James 2:11
Parallel Verses
New Living Translation
For the same God who said, "You must not commit adultery," also said, "You must not murder." So if you murder someone but do not commit adultery, you have still broken the law.

King James Bible
For he that said, Do not commit adultery, said also, Do not kill. Now if thou commit no adultery, yet if thou kill, thou art become a transgressor of the law.

Darby Bible Translation
For he who said, Thou shalt not commit adultery, said also, Thou shalt not kill. Now if thou dost not commit adultery, but killest, thou art become transgressor of the law.

World English Bible
For he who said, "Do not commit adultery," also said, "Do not commit murder." Now if you do not commit adultery, but murder, you have become a transgressor of the law.

Young's Literal Translation
for He who is saying, 'Thou mayest not commit adultery,' said also, 'Thou mayest do no murder;' and if thou shalt not commit adultery, and shalt commit murder, thou hast become a transgressor of law;

James 2:11 Parallel
Commentary
Wesley's Notes on the Bible

2:11 For it is the same authority which establishes every commandment.

James 2:11 Parallel Commentaries

Library
James the Brother of the Lord.
He pistis choris ergon nekra estin.--James 2:26 Sources. I. Genuine sources: Acts 12:17; 15:13; 21:18; 1 Cor. 15:7; Gal. 1:19; 2:9, 12. Comp. James "the brother of the Lord," Matt. 13:55; Mark 6:3; Gal. 1:19. The Epistle of James. II. Post-apostolic: Josephus: Ant. XX. 9, 1.--Hegesippus in Euseb. Hist. Ecc. II. ch. 23.--Jerome: Catal. vir. ill. c. 2, under "Jacobus." Epiphanius, Haer. XXIX. 4; XXX. 16; LXXVIII. 13 sq. III. Apocryphal: Protevangelium Jacobi, ed. in Greek by Tischendorf, in "Evangelia
Philip Schaff—History of the Christian Church, Volume I

The Jewish Christian Theology --I. James and the Gospel of Law.
(Comp. § 27, and the Lit. given there.) The Jewish Christian type embraces the Epistles of James, Peter, and Jude, the Gospels of Matthew and Mark, and to some extent the Revelation of John; for John is placed by Paul among the "pillars" of the church of the circumcision, though in his later writings he took an independent position above the distinction of Jew and Gentile. In these books, originally designed mainly, though not exclusively, for Jewish Christian readers, Christianity is exhibited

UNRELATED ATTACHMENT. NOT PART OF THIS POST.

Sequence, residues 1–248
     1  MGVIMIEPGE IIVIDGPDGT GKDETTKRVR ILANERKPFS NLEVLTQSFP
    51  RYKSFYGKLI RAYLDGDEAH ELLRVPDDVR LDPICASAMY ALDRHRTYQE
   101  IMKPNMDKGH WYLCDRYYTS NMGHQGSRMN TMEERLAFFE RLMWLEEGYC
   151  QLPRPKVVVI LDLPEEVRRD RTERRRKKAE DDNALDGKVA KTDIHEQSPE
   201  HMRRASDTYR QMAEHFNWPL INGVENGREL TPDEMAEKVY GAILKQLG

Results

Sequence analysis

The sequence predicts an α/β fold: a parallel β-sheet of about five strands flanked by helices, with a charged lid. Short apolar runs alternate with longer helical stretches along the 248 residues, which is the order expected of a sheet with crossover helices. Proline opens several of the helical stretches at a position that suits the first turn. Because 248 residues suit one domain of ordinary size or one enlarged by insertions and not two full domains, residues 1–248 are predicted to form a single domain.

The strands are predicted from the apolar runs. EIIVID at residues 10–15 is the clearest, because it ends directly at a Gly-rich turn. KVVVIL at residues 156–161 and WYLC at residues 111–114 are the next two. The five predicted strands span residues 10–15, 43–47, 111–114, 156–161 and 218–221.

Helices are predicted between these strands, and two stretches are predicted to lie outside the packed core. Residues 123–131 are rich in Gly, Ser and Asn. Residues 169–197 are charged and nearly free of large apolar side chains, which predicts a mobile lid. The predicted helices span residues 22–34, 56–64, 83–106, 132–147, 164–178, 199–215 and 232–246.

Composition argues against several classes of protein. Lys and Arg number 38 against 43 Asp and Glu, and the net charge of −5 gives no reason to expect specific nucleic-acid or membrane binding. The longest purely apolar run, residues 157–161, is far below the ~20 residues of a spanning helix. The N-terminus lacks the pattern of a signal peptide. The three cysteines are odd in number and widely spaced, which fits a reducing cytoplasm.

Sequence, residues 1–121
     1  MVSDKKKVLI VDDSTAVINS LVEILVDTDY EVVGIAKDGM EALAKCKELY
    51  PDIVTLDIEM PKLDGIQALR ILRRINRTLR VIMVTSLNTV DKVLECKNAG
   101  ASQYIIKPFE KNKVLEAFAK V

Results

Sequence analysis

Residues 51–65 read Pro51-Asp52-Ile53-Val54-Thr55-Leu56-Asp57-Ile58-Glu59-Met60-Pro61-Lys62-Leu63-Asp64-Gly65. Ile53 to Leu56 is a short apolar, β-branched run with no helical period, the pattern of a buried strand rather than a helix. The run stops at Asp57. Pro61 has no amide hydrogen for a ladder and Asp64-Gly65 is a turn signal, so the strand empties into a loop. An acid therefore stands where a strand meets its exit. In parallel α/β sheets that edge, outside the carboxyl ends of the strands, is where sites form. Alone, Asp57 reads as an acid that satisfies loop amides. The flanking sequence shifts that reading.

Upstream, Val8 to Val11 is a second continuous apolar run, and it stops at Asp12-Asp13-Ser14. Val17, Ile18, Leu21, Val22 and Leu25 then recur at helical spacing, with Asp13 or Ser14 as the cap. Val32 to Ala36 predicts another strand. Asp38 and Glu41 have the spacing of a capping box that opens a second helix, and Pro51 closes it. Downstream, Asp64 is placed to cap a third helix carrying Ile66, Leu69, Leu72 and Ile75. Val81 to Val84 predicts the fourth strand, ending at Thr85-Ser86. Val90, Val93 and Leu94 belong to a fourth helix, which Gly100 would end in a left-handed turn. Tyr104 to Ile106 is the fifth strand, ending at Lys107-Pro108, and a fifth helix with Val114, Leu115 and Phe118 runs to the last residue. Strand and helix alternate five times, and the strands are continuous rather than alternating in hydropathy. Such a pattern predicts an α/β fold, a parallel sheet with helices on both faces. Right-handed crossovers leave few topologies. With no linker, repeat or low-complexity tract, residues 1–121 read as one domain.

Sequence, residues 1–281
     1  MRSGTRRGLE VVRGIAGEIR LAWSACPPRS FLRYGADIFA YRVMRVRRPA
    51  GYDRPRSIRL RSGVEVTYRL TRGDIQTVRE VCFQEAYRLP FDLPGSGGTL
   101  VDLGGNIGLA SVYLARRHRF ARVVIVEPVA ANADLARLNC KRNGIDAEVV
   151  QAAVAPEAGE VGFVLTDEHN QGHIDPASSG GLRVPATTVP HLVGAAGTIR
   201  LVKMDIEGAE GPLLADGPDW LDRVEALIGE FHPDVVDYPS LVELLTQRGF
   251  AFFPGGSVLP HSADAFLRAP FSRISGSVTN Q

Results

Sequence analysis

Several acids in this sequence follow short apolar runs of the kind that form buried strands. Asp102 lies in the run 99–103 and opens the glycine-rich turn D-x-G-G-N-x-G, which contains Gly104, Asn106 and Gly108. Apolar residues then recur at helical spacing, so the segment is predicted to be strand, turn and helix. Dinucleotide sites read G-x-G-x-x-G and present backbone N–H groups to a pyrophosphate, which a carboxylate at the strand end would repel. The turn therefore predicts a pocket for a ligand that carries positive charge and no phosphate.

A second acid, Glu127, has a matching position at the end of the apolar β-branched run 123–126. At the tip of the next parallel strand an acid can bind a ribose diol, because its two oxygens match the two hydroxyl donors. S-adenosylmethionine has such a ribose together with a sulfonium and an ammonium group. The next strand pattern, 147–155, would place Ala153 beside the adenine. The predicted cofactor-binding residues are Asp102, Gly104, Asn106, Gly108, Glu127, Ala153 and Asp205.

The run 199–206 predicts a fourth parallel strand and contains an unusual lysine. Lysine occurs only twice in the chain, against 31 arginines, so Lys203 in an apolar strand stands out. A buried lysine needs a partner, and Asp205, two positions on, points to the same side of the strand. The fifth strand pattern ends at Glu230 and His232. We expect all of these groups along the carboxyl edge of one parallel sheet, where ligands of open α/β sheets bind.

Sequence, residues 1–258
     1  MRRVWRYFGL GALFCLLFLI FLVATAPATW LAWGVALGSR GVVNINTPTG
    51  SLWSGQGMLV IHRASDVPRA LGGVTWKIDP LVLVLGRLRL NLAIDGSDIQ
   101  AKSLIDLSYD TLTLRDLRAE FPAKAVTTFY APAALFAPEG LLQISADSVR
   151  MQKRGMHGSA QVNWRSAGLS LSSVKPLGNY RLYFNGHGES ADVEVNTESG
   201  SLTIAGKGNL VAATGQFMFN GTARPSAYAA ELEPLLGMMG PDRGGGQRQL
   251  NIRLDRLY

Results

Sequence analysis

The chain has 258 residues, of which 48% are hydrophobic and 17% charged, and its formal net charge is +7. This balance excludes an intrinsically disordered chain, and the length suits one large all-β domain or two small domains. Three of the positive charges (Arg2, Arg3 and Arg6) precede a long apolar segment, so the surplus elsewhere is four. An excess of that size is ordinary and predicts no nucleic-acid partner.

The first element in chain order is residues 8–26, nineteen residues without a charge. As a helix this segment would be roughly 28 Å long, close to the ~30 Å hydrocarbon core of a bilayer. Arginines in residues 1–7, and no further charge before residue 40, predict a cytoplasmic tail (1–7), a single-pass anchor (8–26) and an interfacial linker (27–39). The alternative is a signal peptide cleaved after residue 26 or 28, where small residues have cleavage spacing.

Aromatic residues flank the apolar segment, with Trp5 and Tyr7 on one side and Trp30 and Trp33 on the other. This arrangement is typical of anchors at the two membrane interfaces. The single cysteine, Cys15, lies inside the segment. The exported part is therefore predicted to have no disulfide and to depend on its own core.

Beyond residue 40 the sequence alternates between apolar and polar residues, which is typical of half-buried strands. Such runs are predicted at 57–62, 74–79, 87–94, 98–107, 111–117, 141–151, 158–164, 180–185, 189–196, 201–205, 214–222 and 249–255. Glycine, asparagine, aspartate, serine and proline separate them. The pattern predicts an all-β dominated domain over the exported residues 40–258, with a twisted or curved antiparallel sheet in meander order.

Philip Schaff—History of the Christian Church, Volume I

Comenius and the Hidden Seed, 1627-1672.
But the cause of the Brethren's Church was not yet lost. As the Brethren fled before the blast, it befell, in the wonderful providence of God, that all their best and noblest qualities--their broadness of view, their care for the young, their patience in suffering, their undaunted faith--shone forth in undying splendour in the life and character of one great man; and that man was the famous John Amos Comenius, the pioneer of modern education and the last Bishop of the Bohemian Brethren. He was
J. E. Hutton—History of the Moravian Church

Ken
Ken, Thomas, a bishop of the Church of England, one of the gentlest, truest, and grandest men of his age, was born in Berkhampstead, England, in July, 1637; was educated at Winchester School and Oxford University, graduating B.A. in 1661. He held several livings in different parts of England. In 1680 he returned to Winchester. In 1685 he was appointed by Charles H. Bishop of Bath and Wells. In connection with six other bishops, he refused to publish the "Declaration of Indulgence" issued by James
Charles S. Nutter—Hymn Writers of the Church

James 2:10
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